Now, you might be reading this and saying “But Jason, you handsome, obese devil, you! Should I get this version of the game or wait until the Sega Genesis Classics comes out?” and to that I say, do you want the best version? I’ve played Sega Genesis Classics on the X-Box One and the emulation is a bit mediocre in my opinion. M2 has done a terrific job here and it’s probably the best version you can get with the 3DS build or Christian Whitehead mobile version being a close second. All the new features add to the value of the game and I personally recommend it, but only for the die-hard Sonic fans.



Thanks to Alex Peal (Nuckles87) for helping me edit.


  1. “garbage” marble zone. Nice joke. Actually one of my fav zones from the game, considering Sonic 1 is easily the most boring of the classics. Still don’t see why we need ANOTHER rerelease of Sonic 1 when they could try working on bringing us stuff like Knuckles Chaotix or SEGA Sonic arcade, ya know, stuff that hasn’t been rereleased a million times over.

    1. Because Sonic 1 is a better and more iconic game. XD

      And this is coming from someone who actually likes Knuckles Chaotix.

      While I don’t really get why Knuckles Chaotix has been left in the dust bin, we haven’t gotten SEGA Sonic Arcade because that game requires a trackball to be played properly. 🙁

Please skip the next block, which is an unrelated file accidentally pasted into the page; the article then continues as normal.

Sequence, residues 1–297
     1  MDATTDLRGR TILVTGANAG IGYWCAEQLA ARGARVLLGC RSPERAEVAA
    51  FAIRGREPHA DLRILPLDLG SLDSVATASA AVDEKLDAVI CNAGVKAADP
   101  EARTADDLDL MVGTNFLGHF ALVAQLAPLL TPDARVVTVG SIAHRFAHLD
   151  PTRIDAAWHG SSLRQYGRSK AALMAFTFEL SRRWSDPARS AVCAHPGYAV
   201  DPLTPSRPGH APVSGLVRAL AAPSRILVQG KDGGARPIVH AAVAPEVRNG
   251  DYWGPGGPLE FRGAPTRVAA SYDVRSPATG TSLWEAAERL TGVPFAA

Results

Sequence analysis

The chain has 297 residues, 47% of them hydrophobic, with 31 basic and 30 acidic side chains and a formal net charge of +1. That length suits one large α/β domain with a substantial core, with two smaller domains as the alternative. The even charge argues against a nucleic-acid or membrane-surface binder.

2. I feel like this is one of the best releases of the game. I’d love it if the mobile “Taxman” version would utilize some of the features in the Ages version; it’s a little silly that neither version can be considered definitive now since they have exclusive features. Holding out for the Classic Sonic port collection that has everything.

  3. I REALLY don’t want to be that guy, but the only practical additions of the Drop Dash and Mega Play version don’t stack up to the Whitehead remake’s native non-stretched 16:9 support, added playable characters (and level routes to accommodate them), backported features like optional elemental shields and Super forms, expanded Debug mode with scrapped beta features, and graphical polish with features like smooth Special Stage rotation. Filters, an easy mode, and basic challenges don’t hide the fact that this is a step down for a consumer-friendly version of Sonic 1, especially at a higher cost. I said it on YouTube, but it would have been ideal if SEGA commissioned Whitehead’s team to add the new features of this AGES version to their remake and port that to consoles while allowing M2 to spend their resources porting a different retro SEGA title and not wasting both the developers and the consumers’ time.

    1. Agree. I remember when buying 3DS version, kinda feeling dissapointed that Tails and Knuckles weren’t playable (unlike Whitehead remake’s). Thankfully the 3D is so good, I got over it fast. This SEGA AGES version might deserves its 8 score, but Whitehead remake version deserves 9.

  4. Is this version of the port going to make it to other consoles (i.e. PS4, XB1X)? Keep in mind I’m aware of Sega Genesis/Megadrive Classics but I’m just talking about this game as a standalone. If this is only part of Sega Ages though then I don’t think so..